No, Profligacy Does Not Have Two Cs

There are occasions when you are sure you know how to spell a word, then you encounter a different spelling in print and you can't decide whether the writer is in error or whether you have been getting it wrong all along. That is when it is time to reach for the dictionary.

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This happened to me last week when reading a book review that included this sentence:

She rivals that master of Victorian prolificacy, Anthony Trollope.

I was sure that the correct word was profligacy, but then I began to doubt myself. This was from the Washington Post, after all. Had I been wrong all along? Or was there a different spelling in use in the US, something which happens quite often?

Once I checked my trusty Macquarie, however, I was reassured. Profligacy is indeed the correct and only spelling. Proflicacy isn't an alternative; it's a typo.

The lesson here? If you're not sure, check -- and use an authoritative dictionary, not just a random Google search. Accuracy matters.

Lifehacker's Mind Your Language column offers bossy advice on improving your writing.


Comments

    Actually, I think the reviewer meant that Ruth Rendell is as prolific (produce things abundantly) as Anthony Trollope and not as profligate. Therefore 'prolificacy' is the correct noun in this instance?

    Without the context it could be either prolificacy or profligacy... How are we to know with that small sentence..?

      "There have also been a few volumes of short stories, all of which adds up to more than 60 titles, with hardly a failure among the lot. She rivals that master of Victorian prolificacy, Anthony Trollope."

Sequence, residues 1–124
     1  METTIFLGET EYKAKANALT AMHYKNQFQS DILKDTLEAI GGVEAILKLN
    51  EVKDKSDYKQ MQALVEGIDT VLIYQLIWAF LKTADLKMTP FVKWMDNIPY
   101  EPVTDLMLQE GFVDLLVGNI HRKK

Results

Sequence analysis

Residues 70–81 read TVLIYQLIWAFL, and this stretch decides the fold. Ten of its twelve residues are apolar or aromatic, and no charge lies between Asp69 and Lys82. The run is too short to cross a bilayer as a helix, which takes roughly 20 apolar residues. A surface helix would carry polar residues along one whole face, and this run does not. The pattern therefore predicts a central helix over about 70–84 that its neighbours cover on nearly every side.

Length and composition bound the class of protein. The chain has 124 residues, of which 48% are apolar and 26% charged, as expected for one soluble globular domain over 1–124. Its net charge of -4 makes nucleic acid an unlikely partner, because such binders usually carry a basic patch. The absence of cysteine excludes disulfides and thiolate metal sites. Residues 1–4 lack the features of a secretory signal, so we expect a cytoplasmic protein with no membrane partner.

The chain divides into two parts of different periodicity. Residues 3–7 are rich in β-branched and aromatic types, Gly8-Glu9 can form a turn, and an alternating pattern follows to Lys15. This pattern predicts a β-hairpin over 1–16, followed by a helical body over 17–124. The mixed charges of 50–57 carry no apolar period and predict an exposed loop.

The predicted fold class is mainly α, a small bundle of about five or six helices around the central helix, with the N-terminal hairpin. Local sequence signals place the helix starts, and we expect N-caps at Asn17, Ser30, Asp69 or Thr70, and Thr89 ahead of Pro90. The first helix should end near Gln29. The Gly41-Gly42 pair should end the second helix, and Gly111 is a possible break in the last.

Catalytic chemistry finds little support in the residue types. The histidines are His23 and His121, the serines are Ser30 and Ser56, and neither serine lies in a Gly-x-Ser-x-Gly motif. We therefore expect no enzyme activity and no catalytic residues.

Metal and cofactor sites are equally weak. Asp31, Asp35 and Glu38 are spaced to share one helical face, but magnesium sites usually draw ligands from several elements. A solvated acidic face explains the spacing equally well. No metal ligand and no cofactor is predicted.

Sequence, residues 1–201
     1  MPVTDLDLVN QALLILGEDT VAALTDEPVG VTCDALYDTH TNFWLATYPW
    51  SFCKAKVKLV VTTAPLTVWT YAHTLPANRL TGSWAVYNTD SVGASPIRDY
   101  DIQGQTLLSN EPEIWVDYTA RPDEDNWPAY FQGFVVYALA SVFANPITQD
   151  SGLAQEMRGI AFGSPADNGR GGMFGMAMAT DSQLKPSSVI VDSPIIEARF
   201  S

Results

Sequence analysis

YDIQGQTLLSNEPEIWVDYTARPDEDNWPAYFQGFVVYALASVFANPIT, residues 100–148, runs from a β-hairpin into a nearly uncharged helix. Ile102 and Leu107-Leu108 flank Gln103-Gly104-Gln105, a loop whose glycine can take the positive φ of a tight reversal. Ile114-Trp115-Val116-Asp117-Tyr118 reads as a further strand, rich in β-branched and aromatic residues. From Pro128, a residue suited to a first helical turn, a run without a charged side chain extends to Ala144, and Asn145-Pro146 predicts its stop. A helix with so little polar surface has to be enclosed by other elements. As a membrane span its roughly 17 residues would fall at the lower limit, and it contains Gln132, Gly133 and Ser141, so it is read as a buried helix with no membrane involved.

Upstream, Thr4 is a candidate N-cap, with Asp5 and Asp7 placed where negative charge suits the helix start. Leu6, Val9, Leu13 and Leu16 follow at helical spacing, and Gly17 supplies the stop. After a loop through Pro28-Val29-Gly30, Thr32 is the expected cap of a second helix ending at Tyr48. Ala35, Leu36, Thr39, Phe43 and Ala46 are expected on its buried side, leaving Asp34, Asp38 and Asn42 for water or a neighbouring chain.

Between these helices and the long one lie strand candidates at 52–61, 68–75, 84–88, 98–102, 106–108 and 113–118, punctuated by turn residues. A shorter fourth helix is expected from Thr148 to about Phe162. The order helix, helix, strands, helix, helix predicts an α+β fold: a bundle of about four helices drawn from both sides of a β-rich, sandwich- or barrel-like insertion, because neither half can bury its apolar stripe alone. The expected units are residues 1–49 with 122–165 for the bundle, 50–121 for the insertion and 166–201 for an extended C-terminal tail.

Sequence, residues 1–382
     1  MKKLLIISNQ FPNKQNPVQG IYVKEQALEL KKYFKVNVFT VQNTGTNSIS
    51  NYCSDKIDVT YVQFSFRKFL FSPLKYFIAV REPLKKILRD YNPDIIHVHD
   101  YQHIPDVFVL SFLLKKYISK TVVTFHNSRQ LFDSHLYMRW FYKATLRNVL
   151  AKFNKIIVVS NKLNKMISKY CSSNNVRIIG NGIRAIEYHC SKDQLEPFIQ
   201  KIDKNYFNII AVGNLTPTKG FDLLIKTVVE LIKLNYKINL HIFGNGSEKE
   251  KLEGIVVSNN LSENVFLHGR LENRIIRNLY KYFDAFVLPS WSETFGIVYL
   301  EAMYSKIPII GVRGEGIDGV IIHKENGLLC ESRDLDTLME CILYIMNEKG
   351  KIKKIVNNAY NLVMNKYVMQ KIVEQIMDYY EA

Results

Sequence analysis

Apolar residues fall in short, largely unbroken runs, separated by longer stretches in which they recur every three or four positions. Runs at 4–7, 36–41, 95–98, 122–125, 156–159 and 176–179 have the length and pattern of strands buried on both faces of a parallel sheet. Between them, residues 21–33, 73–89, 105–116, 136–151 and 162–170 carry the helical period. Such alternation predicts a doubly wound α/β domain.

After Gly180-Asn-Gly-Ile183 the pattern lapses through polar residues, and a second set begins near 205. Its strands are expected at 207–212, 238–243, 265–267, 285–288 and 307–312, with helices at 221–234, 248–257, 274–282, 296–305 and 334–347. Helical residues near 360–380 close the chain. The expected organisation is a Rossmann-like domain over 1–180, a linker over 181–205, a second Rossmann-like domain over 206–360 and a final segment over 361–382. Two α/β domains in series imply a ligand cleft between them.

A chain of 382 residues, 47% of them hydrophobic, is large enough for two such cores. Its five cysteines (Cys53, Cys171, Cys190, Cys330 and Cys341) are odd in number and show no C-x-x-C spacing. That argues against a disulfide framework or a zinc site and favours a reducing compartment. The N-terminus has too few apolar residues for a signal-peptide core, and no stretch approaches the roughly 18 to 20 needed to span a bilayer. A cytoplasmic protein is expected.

Author obviously meant prolificacy, referring to productivity, as opposed to profligacy, meaning extravagance, excess, waste.

      Oxford says it's a word:
      http://www.oxforddictionaries.com/definition/english/prolific
      "[...] through sheer determination and prolificacy"

    Ah, the sweet injustice of Muphry's Law. Yes, proflicacy is a typo, but (un)fortunately, not a typo in the WashPo article, only a typo in this article.

    The original WashPo article was referring to the prolific nature of Ruth Rendell, not her profligate nature...

    Here is the excerpt from the original article:

    Those mornings have been astoundingly productive. Under her own name, Rendell has produced 50-odd novels, about half of these in the Inspector Wexford series. Writing as Barbara Vine, she has turned out 14 additional novels, of greater length and with even less allegiance to the mystery genre. There have also been a few volumes of short stories, all of which adds up to more than 60 titles, with hardly a failure among the lot. She rivals that master of Victorian prolificacy, Anthony Trollope.

    I think prolificacy is correct in this case - as in "producing a large number of literary works". I don't think profligacy is correct, as in "extravagant".

    The lesson here? If you’re not sure, check — and use an authoritative dictionary, not just a random Google search. Accuracy matters.

    After checking the dictionary definitions of prolificacy and profligacy, I think there's something in this for all of us. On the upside, I've learnt the difference between the two. Oh, if only my profligacy with regards to reading Lifehacker could be matched by my prolificacy for acquiring knowledge. Or something like that.

    Last edited 02/12/14 3:52 pm

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